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Title: Watching dynamics and assembly of spliceosomal complexes at single molecule resolution
Author: Warnasooriya, Chandani Manoja
ISNI:       0000 0004 5918 4908
Awarding Body: Imperial College London
Current Institution: Imperial College London
Date of Award: 2015
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Splicing plays a major role in eukaryotic gene expression by processing pre-mRNA to form mature mRNA. Splicing is catalysed by the spliceosome; a ribonucleoprotein complex consisting of five small nuclear ribonucleoproteins (snRNPs) and over 100 proteins. Proper assembly of spliceosomal components is critical for its function, and thus assembly defects can be lethal. Several diseases have been associated with splicing defects, such as cancer (breast cancer, leukaemia), cystic fibrosis, duchenne muscular dystrophy (DMD), retinitis pigmentosa (RP) and taybi-linder syndrome (TALS). Studying the structural dynamics and distinct functions of snRNA complexes and the factors that affect the stability of those complexes provides an overall idea regarding the structure and function of the spliceosome, which can guide us to discover novel therapeutics for splicing related diseases. Hence, the aim of this study is employing smFRET technique to monitor the structural dynamics and assembly of snRNA complexes and the effect of protein factors on those dynamics with single molecule resolution. Three specific aims have been addressed in this thesis work to achieve the main goal. The first part of this study is focused on understanding how spliceosomal components are recycled. This work shows that binding of Prp24; U6 snRNP specific protein unwinds U2 from U2/U6 complex and stabilizes U6 at a low FRET conformation, suggesting a novel role for Prp24 as a recycling factor. The second part of this study is focused on understanding the assembly of sub-spliceosomal complexes and their global structure. This work shows that although the binding of individual proteins slightly changes the conformation of U4/U6 duplex; overall it maintains a rigid structure. This suggests that the U4/U6 adopts a preformed conformation and act as a scaffold for protein binding, while preventing U6 from premature activation. The third part of this study is focused on understanding structural and functional similarities between minor and major spliceosomal complexes. This work shows that minor spliceosomal U12/U6atac complex adopts a conformation similar to the three-helix junction structure of major spliceosomal U2/U6.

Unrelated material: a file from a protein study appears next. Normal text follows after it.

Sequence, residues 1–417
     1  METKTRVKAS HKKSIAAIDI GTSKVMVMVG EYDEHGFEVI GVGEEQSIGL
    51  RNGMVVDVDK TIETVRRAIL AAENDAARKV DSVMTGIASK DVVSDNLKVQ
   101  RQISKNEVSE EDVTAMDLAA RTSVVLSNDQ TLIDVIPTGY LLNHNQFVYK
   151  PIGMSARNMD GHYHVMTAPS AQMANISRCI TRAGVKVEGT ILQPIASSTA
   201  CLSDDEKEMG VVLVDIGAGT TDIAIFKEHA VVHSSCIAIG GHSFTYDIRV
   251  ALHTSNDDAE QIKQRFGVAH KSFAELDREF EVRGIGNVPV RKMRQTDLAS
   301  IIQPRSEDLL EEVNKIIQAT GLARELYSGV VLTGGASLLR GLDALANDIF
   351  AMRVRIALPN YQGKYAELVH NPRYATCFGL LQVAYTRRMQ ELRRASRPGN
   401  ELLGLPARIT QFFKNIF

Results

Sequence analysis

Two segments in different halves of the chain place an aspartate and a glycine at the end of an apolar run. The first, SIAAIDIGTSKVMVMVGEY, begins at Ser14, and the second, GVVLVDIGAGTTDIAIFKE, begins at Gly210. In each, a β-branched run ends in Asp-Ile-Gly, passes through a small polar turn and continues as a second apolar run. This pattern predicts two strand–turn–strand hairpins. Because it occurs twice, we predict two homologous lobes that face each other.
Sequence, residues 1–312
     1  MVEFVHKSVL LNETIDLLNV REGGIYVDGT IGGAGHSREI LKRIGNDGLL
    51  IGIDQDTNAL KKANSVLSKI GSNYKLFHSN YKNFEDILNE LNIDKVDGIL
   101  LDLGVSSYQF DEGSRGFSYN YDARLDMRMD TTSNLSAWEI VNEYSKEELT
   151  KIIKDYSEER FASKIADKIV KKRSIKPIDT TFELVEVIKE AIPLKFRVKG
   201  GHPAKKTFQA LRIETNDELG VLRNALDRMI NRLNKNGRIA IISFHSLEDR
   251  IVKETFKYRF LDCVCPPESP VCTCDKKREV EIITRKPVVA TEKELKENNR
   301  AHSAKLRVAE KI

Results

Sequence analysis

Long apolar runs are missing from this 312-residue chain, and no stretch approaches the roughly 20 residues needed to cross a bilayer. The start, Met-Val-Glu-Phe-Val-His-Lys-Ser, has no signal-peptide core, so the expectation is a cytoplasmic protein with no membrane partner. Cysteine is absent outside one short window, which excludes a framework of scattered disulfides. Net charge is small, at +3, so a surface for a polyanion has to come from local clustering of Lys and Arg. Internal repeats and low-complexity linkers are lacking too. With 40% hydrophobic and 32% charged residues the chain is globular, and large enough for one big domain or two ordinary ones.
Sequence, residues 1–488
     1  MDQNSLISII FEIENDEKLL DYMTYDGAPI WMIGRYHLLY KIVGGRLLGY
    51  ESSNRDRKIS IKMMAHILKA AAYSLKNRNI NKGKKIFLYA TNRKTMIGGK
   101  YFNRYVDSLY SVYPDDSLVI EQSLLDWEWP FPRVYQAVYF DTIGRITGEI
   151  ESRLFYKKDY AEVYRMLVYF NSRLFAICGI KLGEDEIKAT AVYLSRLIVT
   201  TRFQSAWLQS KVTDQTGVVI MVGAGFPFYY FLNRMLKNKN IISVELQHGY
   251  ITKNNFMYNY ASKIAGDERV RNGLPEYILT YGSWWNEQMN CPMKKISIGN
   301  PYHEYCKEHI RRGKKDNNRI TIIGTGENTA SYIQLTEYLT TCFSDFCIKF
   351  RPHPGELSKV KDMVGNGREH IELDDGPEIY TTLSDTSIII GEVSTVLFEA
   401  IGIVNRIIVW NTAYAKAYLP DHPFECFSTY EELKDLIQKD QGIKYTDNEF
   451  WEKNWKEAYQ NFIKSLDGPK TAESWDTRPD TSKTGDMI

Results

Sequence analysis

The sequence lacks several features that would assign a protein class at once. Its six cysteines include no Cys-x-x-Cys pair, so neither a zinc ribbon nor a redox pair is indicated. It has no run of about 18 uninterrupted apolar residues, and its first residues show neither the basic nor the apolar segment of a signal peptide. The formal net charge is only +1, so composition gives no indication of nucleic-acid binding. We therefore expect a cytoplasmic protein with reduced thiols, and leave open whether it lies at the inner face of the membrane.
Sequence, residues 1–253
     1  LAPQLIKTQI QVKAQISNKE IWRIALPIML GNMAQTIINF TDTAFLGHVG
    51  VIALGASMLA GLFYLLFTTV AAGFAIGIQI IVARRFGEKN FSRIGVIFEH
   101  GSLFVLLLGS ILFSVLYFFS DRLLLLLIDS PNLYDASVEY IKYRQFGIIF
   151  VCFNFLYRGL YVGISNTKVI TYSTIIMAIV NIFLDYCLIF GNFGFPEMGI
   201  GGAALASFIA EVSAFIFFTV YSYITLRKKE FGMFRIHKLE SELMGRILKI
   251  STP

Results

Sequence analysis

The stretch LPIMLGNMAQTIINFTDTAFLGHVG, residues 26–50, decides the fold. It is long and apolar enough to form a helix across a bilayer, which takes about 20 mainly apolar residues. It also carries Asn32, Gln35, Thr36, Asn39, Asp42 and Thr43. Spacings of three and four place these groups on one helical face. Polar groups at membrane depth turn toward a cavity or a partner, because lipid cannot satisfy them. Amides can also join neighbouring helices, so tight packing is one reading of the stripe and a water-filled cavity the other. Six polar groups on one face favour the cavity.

Supervisor: Rueda, David Sponsor: Imperial College London
Qualification Name: Thesis (Ph.D.) Qualification Level: Doctoral